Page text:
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The value of combined vein resection in pancreaticoduodenectomy for pancreatic head carcinoma: a meta-analysis

Abstract

Background

Although pancreaticoduodenectomy with vein resection (PDVR) is widely performed in selected patients with indications, its benefits remain controversial. In this meta-analysis, we evaluate the safety and efficacy of PDVR in comparison to standard pancreaticoduodenectomy (PD).

Methods

We searched PubMed, Embase, and Cochrane as well as the Chinese National Knowledge Infrastructure, Weipu, and Wanfang databases for studies that evaluate the value of PVDR. The data of the patients who underwent PD or PDVR were analyzed using Review Manager and STATA software.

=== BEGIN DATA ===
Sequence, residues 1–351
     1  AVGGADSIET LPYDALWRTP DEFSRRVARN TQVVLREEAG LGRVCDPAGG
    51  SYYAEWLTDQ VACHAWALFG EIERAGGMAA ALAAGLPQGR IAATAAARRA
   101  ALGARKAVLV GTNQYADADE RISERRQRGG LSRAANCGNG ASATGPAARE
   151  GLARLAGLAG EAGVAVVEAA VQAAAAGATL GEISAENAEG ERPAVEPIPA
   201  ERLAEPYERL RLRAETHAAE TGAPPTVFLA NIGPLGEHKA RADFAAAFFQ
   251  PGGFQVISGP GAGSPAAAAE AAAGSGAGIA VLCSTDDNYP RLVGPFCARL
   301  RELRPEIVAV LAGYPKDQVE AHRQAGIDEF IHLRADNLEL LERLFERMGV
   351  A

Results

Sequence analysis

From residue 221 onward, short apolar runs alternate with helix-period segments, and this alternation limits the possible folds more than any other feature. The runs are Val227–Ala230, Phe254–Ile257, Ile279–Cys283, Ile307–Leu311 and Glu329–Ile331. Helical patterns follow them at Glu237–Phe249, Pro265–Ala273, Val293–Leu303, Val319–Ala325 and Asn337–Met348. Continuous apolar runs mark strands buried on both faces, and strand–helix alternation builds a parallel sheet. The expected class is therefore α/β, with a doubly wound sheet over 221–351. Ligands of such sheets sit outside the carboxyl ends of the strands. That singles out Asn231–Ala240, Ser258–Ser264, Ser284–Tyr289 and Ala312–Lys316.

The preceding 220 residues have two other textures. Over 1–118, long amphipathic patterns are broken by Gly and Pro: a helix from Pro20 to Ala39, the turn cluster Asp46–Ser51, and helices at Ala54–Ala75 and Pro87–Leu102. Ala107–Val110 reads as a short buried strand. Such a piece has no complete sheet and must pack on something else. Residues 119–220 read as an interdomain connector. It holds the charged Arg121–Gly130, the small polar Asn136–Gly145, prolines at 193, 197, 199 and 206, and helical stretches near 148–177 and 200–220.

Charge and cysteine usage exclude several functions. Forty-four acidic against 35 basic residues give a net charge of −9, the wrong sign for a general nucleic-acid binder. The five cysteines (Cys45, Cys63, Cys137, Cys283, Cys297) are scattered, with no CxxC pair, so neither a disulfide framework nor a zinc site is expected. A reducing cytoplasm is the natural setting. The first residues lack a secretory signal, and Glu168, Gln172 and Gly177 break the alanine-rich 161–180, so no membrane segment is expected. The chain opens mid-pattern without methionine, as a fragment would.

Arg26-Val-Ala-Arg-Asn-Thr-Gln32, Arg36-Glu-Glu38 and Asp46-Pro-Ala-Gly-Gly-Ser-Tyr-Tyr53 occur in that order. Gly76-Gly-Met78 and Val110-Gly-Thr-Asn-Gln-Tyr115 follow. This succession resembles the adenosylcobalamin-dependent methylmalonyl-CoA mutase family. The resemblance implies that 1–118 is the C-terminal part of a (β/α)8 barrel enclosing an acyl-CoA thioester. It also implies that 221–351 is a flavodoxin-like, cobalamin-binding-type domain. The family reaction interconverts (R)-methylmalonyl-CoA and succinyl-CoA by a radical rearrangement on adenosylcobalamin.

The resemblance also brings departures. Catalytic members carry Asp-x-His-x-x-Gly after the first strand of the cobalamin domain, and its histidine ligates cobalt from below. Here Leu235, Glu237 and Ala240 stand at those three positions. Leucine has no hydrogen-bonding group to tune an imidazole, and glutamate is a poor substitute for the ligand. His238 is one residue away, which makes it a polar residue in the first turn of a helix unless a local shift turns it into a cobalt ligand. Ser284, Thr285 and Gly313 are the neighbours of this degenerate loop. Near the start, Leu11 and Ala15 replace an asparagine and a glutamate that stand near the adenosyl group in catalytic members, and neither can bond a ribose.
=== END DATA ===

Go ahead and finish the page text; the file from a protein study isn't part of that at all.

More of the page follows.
Results

In comparison with the PD group, the PDVR group had a lower R0 resection rate and higher rates of complications such as biliary fistula, reoperation rate, delayed gastric emptying, cardiopulmonary abnormalities, hemorrhage, in-hospital mortality, 30-day mortality. The blood loss, duration of operation, total hospital stay is higher in PDVR group.

Conclusions

Compared to standard PD, PDVR was associated with a greater risk of some specific complications and increase the mortality rate, total hospital stay time, combine with vein resection have a lower R0 resection rate. Therefore, combine with vascular resection for pancreatic cancer needs to be carefully selected by the surgeon.

Background